Active Listening Games

Written by lily mae
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Active Listening Games
Use games to promote active listening skills. (Jupiterimages/Goodshoot/Getty Images)

Listening is something we do on a regular basis, be it to learn, entertain or to engage in a conversation. Despite the fact that listening is a large part of our lives, many aren't very good at it. Acquiring good active listening skills, or fully understanding what is being heard, is necessary for success in all areas of life. Improve the listening skills of students by engaging them in games that encourage active listening.

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Identify the Changes

In this game, students must actively listen to hear subtle changes made to a story. Divide your class into two teams. Select a passage from a familiar text and read it aloud once, then read it aloud again, making subtle changes to the text as you read. During the second reading of the passage, the first team to raise its hands upon hearing a change in text earns a point. The team who earns the most points wins this active listening game.


The classic game of "telephone" is non-competitive, yet requires players to use active listening skills to pass along the correct message. Whisper a silly message into the ear of one of your students and have this student whisper the message into the ear of the person sitting next to him. After hearing the message, each student whispers the message into the ear of the person sitting next to him. When the last person hears the message, she must state out loud the message she heard. Discuss if the final message is any different from the original message and why it may have been altered. Continue playing, encouraging students to listen very carefully, until the final message is the same as the original message.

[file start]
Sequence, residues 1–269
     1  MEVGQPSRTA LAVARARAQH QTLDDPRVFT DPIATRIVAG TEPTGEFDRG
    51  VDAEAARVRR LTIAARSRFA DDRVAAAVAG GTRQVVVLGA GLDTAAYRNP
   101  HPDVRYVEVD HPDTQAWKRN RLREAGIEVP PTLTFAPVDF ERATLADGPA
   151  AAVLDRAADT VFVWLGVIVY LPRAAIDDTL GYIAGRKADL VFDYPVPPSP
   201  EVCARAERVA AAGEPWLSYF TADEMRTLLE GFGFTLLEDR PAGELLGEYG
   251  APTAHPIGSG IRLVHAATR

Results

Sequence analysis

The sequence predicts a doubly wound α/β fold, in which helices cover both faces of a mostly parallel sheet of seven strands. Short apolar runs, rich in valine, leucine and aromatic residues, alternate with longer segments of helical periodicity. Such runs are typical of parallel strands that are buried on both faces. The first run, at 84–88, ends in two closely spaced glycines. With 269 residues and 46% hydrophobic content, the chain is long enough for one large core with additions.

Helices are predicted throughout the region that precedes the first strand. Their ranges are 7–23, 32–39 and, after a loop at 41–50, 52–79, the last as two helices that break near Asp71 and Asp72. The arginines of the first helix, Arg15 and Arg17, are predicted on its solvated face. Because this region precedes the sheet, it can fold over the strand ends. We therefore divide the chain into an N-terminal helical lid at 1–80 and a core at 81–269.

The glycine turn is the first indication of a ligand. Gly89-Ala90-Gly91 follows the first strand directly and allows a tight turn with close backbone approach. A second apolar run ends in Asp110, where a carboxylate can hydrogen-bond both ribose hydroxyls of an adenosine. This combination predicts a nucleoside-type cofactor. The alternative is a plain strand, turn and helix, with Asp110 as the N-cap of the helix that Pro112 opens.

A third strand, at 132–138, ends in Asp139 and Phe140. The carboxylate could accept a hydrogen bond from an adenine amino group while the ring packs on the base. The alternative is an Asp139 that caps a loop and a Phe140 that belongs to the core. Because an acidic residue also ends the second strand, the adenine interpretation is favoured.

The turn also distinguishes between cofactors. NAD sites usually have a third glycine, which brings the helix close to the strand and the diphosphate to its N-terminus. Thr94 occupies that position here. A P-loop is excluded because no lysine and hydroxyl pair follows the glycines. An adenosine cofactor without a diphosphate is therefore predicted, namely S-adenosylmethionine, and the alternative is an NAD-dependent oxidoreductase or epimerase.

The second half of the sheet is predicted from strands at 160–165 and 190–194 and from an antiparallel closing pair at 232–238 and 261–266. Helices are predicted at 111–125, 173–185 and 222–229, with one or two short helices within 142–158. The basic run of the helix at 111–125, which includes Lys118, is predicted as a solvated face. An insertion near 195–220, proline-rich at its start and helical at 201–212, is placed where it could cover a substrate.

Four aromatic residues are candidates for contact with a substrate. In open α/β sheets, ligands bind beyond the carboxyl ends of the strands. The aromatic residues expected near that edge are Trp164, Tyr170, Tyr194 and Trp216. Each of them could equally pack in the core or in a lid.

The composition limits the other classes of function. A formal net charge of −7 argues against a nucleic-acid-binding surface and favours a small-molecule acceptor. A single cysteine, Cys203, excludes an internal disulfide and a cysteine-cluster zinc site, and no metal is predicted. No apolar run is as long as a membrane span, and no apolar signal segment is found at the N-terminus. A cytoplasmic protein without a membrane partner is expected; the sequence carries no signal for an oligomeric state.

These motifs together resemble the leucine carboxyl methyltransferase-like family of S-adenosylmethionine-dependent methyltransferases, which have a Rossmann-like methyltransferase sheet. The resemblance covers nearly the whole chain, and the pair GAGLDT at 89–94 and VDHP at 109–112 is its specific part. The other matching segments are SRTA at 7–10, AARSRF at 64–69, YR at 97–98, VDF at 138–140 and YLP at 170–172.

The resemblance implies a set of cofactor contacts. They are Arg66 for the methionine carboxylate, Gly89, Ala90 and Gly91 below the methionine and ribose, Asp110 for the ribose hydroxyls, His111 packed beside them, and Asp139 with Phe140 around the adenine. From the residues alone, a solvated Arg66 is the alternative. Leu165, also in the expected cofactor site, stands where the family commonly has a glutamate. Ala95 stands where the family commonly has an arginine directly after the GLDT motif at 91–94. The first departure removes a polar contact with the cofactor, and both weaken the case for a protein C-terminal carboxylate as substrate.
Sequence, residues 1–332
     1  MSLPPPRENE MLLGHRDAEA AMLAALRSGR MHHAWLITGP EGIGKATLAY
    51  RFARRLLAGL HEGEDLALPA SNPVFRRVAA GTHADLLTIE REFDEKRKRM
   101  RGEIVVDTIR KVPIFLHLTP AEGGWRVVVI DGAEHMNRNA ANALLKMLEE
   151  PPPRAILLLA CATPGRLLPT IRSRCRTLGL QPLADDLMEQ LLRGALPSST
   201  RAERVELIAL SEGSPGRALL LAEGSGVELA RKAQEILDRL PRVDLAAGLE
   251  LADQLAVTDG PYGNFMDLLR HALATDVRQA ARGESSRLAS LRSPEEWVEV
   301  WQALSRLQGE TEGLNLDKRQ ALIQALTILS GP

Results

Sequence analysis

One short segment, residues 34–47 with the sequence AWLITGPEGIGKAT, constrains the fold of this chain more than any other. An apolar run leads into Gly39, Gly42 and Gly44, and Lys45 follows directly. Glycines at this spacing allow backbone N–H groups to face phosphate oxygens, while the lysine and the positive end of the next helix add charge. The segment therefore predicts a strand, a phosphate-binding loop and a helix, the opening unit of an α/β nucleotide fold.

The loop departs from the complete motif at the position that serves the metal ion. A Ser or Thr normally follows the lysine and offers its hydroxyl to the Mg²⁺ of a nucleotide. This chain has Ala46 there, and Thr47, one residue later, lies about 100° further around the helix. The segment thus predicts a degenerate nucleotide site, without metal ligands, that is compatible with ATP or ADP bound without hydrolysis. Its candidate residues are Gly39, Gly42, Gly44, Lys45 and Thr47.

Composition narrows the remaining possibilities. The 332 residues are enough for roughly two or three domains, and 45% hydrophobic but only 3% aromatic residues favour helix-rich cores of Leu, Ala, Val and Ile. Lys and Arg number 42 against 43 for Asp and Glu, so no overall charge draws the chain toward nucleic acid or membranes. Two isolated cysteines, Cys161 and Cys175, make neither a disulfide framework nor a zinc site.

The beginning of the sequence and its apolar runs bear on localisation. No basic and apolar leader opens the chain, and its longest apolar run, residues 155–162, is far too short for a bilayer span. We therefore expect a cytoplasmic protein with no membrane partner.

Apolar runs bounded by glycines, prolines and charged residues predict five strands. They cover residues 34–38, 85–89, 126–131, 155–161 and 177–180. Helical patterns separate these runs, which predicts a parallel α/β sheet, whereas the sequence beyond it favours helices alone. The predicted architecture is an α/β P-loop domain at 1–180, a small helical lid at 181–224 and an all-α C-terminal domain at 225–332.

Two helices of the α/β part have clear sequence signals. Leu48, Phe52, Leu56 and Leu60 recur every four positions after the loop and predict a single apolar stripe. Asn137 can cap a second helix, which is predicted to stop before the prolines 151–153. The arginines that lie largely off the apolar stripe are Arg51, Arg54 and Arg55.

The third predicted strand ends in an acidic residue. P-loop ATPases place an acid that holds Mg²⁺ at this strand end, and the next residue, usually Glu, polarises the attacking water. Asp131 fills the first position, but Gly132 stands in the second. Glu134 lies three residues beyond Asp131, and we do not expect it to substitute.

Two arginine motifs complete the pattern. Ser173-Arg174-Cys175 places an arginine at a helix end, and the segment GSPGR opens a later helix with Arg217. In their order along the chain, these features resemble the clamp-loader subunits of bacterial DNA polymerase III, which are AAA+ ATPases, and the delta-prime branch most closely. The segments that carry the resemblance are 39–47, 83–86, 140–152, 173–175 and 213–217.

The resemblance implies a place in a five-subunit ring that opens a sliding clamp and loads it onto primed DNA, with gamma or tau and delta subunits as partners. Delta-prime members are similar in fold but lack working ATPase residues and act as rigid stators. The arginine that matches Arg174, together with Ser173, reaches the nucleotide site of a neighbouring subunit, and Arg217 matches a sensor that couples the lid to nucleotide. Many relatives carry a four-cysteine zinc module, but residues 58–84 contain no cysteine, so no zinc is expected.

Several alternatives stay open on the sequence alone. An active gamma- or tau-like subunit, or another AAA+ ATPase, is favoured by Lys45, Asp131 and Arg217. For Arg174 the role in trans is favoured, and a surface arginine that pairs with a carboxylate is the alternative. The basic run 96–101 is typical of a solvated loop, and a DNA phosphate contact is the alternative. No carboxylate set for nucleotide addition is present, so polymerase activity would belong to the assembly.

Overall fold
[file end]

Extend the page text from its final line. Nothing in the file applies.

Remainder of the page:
Start and Stop

Paying close attention is part of active listening and this game requires students to listen very carefully to determine when they should start and stop walking in place. Ring a bell and inform students that, upon hearing it, they should walk in place. Blow a whistle and tell students that when they hear it blow, they should stop walking. Start the activity, leaving a good length of time between making the two sounds so students can get the hang of the task. After a few rings and blows, try to confuse students by ringing the bell while they walk or by blowing the whistle while they stand still. If someone walks when he shouldn't or stops when she shouldn't, the student must sit out; the last person standing wins the game.

Simon Says

"Simon Says" is a game designed to improve listening skills, but you can modify it as a means of teaching your students the importance of active listening skills. Set up a television and have students stand with their backs facing you and watch the television while you shout out directions for the game. Play another version of the game in which there are no distractions in the room and the students face you. Discuss the difference in the two games and explain that active listening requires ignoring distractions.

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